The meeting, if you’d like to call it, is more like a drinking frenzy…but a productive one nonetheless. One thing that we weren’t able to do when we were in Rikuzentakata is having a discussion about photography in general, and although both has been aware of the work I’ve done since 2012 I’ve never had a chance to show them in a coherent body. There’s also some discussion on few ideas that were in my head for sometime and through the meeting it feels like it may have a chance to turn into a reality. All in all It was a very constructive meeting as well as a happy one…in terms of amount of alcohols we consumed…
So with the night’s over I believe I was able to get myself a bit more organized and will be ready to embrace the journey ahead. It’s still same place I’m heading, but there may be some unexpected stories yet to be discovered around the corner…
By the way, did I mention Kei and Natsuki are couples?
On a side note if you interested in Kei Sato and Natsuki Yasuda’s work in Rikuzentakata both have published books in regard to their work. It’s in Japanese unfortunately but they’re a very compelling work nonetheless.
Rikuzenakata, August 2014
In the morning of March 11, 2011 I was getting on my morning routines for work but for some strange urge I turned on the TV, something I don’t usually do. Then I was stunned to learn one of the most powerful earthquake in the century has been hit off coast of northeastern Japan and triggered a tsunami followed by the nuclear crisis second to Chernobyl. As events unfold I found myself in the mist of contacting friends in Japan and making sure they are safe.
Little more than a year later on the summer of 2012 I began my journey to the disaster affected area documenting the lives after the terrible event. Since then I’ve been revisiting towns every year, photographing the progress and lend the helping hand if needed.
I don’t know what compels me to undergo this journey, I don’t think I can even answer that myself. What is certain is that along the way I’ve met some of amazing people I’ve ever encountered. And through their wisdoms I’ve learned or have relearned many things.
As those of us commemorate the 5 years anniversary of the tragic disaster. One has to be reminded that five years onward challenges of rebuilding the region is still there. Perhaps more crucial than ever. Painful experiences learned through the unfortunate event can be served as educational tool to teach the public anywhere from disaster prevention to reconstruction planning.
Pray for Tohoku…
Rikuzentakata, a small, quiet coastal town loacate in Northeastern Japan, was one of several towns devastated by the earthquake and tsunami on Marth 11, 2011. With death toll of roughly 1,800(out of population of 23,000) and 80% of houses flattened, the city was literaly “wiped out of map” as some media described. The high casualty ratio compared to total population of the city, number of families to whom made homeless and slow recovery progress that came after, one can easily imagine the hardship survivors have to endure and it would be understandable that the town may still be in grief and not ready to open up to the world.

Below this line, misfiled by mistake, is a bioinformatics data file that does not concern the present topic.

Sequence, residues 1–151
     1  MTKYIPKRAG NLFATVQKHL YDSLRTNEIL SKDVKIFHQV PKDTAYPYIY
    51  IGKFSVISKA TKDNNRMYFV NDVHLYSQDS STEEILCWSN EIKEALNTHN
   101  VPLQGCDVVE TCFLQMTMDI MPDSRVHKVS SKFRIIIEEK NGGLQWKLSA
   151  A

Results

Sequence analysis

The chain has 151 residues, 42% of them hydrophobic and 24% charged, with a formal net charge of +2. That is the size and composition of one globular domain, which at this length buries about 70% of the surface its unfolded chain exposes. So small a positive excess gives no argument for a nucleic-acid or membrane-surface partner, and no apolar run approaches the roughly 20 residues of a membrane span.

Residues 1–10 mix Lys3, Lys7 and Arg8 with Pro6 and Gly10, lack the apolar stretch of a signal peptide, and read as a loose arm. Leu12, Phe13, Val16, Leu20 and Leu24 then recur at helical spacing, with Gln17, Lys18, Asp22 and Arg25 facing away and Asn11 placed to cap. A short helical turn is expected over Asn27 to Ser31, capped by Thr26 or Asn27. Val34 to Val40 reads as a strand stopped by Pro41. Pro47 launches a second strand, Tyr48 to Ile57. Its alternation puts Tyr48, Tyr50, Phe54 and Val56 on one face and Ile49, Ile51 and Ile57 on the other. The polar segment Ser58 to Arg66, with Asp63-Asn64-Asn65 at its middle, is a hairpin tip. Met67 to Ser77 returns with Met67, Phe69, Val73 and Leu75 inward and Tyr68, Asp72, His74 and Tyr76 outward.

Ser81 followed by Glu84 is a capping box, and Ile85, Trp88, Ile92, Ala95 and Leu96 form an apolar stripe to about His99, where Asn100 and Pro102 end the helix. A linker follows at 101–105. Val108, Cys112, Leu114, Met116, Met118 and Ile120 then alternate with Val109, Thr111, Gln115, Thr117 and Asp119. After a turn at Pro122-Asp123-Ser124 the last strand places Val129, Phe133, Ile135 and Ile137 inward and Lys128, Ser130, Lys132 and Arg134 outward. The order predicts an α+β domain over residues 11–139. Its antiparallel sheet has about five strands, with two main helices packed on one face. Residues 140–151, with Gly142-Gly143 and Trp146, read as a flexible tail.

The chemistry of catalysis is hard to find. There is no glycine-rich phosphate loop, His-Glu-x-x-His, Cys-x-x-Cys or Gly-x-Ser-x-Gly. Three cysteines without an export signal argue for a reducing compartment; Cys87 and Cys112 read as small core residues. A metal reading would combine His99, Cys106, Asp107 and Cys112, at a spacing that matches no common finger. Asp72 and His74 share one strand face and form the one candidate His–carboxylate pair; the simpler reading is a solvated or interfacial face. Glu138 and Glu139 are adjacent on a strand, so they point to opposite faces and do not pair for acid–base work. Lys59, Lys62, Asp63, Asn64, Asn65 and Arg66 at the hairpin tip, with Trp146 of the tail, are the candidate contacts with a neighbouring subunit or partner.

Or so I thought before coming here…
As people say a traumatic event can transform a person, the disastrous event has transformed the city. One of the first thing I sensed when I arrived in Rikuzentakata in time for the Tanabata Festival is the amount of the energy flowing through the street as well as number of young adults and children here. Young people who are either native to this town or have a family connection here decided to migrate back from big cities, some as far away from New York, to contribute what they can to give the city a new life. This added to the fact that many the big infustrcture projects faciliated by the government has begun gives a very different atmosphere here. Although there maybe instances some residences maybe shine away from outsiders, many people here are very acceptive, as opposed to residents at other disaster hit towns who may still in the stage of grievance and does not wish to have any communication from outside world.
Regardless, scars of the disaster still remains. Traveling around the city one can’t help to notice that almost everything here is temporary – houses, shops, municiple office and many more – A vivid reminder of what had happened here on that day. Converstation with locals will quickly make you reliaze the scope of the destruction when you start talking about the disaster. After all, this is the place where everyone knows someone who passed away or have someone in his/her family passed away. But they were abale to overcome the trauma and move ahead with the hope of building a strong communities, while at sametime share their experiences and lessons they learned to anyone who is willing to listen.
While I can not speak for eveyone, I do belive Rikuzentakata will prevail and become the success story among cities that are in the same process of post-disaster recovery.
Finally, I would like to thank everyone whom I encountered in Rikuzentakata from the bottom of my heart. Without their help and acceptance this part of the project would not be realized. Nobuaki Sasaki, Genta Matsumoto, and everyone at SAVE TAKATA and Sakura Line 311 who were able to contribute some of their extreme busy time to help me set up meetings and drove me to locations where I’m having trouble reaching. Mas Iwata who work tireless translating my email exchange between me and SAVE TAKATA. Kei Sato and Natsuki Yasuda, two wonderful photographers who introduce me to fishing community here as well as some of best seafood I ever had. Kazuo Satou, who introduced me to the Yonesaki Temporary Housing Community and helped me bridging the trust between me some of the residents there. Junichi Kikuchi, who was willing to lend me a bicycle as well as grant me an access to document his Tatami shop. Everyone at Kawara-Matsuri-Gumi whose generousity to welcome me into the festival is something I’ll always remember.
And there are many, many more I owe my thanks to…